But when someone is just starting their vibrato, it's either on or off. No vibrato or yes vibrato. We're playing a slow movement, one of the only slow movements in Suzuki Book 5, and her vibrato is right at the edge of happening. Suzuki has it fingered with all kinds of shifts, etc., a rather Romantic interpretation. So unless I take it completely out of that context, I'm going to go with the vibrato!
How refreshing that a nine year old is encouraged to develop what she herself knows is missing. There are STILL too many teachers, of all instruments, let alone violin, who fob the desire for vibrato off with avoidance and obfuscation, as though it was a mystical concept unfathomable and unattainable.
Vibrato is inherently a necessary thing in the majority of expressive, single note, instruments, perhaps clarinet and horn excepted, and it is NOT an optional diversion (baroque players who falsely promote the myth of vibrato-free playing please note). The human ear physically gets stressed when hearing any sound which does not change over time - that's why supermarket bleeps, reversing lorries and loud, unchanging artificial noises irritate us so much, because the receptors in the inner ear and the brain cells receiving the information become overloaded and irritated when sound is static.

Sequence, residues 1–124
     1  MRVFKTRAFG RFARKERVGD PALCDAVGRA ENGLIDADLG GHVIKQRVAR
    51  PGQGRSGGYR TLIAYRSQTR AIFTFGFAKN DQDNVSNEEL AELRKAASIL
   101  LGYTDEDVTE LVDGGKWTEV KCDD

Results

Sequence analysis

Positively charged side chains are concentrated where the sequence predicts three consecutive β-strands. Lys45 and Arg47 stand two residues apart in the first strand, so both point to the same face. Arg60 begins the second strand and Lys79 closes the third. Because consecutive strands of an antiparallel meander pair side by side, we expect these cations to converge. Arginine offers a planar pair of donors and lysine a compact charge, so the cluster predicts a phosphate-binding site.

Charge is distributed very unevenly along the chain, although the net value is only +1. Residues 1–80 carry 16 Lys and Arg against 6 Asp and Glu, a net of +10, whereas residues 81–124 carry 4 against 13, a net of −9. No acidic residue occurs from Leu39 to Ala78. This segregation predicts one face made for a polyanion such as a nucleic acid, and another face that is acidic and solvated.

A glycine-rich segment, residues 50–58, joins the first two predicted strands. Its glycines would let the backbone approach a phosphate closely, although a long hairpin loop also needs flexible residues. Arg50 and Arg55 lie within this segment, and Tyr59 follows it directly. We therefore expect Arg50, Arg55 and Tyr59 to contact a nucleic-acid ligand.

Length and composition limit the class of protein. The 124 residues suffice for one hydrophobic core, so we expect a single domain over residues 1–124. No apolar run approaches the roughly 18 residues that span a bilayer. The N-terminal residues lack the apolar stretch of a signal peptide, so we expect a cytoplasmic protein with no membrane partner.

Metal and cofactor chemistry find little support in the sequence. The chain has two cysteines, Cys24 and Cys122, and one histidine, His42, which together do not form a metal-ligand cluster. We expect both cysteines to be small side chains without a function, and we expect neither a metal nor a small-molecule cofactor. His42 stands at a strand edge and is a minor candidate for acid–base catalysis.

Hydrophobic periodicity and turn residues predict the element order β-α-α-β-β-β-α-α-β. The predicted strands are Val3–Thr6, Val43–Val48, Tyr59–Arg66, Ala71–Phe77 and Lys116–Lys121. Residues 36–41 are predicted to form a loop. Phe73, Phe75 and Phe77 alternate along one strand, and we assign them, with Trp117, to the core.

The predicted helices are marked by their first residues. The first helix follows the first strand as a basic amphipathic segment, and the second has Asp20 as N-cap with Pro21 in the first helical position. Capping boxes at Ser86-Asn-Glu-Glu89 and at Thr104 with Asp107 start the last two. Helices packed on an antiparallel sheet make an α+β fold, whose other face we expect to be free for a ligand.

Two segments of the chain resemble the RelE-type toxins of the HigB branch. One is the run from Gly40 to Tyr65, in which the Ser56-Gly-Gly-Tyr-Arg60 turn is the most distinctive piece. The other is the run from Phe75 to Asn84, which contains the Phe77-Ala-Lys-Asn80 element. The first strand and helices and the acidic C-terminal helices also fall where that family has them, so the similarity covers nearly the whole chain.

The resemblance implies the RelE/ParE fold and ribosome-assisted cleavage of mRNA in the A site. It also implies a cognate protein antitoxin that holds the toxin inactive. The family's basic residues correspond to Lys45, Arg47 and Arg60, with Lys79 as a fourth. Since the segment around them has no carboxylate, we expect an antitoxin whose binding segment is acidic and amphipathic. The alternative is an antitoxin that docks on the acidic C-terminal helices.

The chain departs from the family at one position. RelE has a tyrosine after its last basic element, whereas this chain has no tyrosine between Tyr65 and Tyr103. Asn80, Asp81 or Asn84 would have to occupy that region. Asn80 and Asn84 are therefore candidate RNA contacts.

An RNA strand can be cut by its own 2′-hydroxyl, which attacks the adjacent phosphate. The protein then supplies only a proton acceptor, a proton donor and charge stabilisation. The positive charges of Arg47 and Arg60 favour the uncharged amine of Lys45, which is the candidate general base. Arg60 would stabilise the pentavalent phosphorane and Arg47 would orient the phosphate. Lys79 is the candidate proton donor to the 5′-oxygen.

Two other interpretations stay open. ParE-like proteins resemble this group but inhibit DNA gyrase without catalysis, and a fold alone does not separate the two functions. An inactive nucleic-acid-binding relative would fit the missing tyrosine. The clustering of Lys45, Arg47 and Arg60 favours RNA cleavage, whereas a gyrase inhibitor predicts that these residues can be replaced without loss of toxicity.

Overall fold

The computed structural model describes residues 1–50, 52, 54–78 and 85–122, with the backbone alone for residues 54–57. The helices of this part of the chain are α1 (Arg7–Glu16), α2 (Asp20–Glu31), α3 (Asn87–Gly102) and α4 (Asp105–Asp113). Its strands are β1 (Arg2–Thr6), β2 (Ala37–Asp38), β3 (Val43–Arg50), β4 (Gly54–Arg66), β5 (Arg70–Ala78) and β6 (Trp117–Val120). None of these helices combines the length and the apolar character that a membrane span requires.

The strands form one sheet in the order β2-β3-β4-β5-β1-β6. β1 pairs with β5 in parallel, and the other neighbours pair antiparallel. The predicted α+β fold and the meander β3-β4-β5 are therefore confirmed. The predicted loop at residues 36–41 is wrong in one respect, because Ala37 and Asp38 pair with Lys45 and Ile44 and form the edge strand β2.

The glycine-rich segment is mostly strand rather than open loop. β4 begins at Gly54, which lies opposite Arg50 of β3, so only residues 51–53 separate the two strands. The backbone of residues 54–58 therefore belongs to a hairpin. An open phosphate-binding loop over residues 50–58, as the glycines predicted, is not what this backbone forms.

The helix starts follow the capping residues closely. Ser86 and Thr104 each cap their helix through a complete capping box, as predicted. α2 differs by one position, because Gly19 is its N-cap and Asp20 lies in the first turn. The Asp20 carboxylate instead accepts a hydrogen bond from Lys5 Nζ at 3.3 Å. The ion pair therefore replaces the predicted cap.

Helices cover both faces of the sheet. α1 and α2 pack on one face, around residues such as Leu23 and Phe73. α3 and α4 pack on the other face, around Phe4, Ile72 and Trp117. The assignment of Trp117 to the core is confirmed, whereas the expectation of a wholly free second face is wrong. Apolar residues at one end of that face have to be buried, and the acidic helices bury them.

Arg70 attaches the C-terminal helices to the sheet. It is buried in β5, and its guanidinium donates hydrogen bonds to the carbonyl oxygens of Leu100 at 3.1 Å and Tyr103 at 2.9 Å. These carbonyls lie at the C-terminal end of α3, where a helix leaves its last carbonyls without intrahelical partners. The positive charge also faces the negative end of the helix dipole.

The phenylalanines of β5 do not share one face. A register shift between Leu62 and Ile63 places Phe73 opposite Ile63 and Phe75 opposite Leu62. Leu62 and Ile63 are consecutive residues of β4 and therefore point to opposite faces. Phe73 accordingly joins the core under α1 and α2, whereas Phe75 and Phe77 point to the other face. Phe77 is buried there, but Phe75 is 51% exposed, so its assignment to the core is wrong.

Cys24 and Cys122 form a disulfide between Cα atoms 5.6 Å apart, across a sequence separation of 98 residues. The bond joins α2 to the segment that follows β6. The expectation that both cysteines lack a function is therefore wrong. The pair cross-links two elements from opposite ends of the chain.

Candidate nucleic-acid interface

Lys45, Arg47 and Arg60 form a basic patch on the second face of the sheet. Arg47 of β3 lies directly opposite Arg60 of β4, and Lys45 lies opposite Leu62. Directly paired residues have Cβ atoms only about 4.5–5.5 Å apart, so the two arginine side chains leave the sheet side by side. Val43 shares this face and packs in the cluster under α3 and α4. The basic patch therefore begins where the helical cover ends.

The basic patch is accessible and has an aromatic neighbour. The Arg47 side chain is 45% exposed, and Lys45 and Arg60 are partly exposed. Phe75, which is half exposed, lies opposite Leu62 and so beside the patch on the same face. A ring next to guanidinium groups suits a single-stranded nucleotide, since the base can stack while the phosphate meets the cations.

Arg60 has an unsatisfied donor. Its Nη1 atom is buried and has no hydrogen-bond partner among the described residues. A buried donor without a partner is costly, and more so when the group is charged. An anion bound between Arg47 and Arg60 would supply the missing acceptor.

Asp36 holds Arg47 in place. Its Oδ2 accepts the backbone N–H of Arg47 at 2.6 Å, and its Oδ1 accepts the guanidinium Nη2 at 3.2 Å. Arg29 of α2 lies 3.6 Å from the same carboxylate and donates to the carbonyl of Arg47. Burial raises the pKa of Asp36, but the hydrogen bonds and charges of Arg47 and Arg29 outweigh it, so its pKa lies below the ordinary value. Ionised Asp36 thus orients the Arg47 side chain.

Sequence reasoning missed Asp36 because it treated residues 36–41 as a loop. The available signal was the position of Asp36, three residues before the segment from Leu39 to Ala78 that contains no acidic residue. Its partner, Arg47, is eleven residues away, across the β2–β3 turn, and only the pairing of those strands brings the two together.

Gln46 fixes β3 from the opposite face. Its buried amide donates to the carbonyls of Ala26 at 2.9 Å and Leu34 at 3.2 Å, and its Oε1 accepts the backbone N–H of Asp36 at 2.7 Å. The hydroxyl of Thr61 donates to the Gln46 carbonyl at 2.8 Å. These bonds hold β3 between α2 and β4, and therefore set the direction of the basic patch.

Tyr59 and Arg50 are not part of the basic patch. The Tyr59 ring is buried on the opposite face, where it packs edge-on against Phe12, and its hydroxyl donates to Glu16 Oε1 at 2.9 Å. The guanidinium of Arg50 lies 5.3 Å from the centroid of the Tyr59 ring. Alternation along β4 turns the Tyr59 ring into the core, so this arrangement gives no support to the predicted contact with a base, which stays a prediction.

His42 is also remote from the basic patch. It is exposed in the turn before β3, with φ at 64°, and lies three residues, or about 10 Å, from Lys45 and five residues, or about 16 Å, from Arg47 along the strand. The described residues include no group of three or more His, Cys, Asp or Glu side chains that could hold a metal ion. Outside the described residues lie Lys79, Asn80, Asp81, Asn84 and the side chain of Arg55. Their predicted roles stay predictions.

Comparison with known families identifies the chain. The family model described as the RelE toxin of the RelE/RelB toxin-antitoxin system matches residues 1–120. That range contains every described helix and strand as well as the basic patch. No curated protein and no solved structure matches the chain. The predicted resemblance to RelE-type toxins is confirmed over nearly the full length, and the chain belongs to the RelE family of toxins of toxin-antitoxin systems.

Vibrato literally relieves the ear from irritation. The question is, how much vibrato is needed to stave the irritation off, and furthermore, how much is needed to be appropriately musical for a given style of music. That is open to debate, but the core of my argument is that vibrato should be taught as soon as there is the slightest hint that the student desires it, and even if the student does not desire through ignorance of its existence, it should be discussed and introduced as an option which it is then their free choice to develop.
Gee, when I was nine I had this rather energetic teacher (aka CRAZY Italian) who would also use a spoon but more apt to threaten than sprinkle "vibrato" sugar...ahhh memories, did not stay with him too long but in those days nobody screamed abuse, it just was the way it was.
I think it would be quite something to have you as a teacher, Laurie. Makes me wish I were 9 years old again.
Laurie - I was joking of course. Your approach makes a great deal of sense. In your place, I would have done the same. No reason at her stage not to use Vivaldi or any other piece to help her perfect her vibrato.
I hope you have an extra spoon to use this week. Otherwise, how will the baking get done?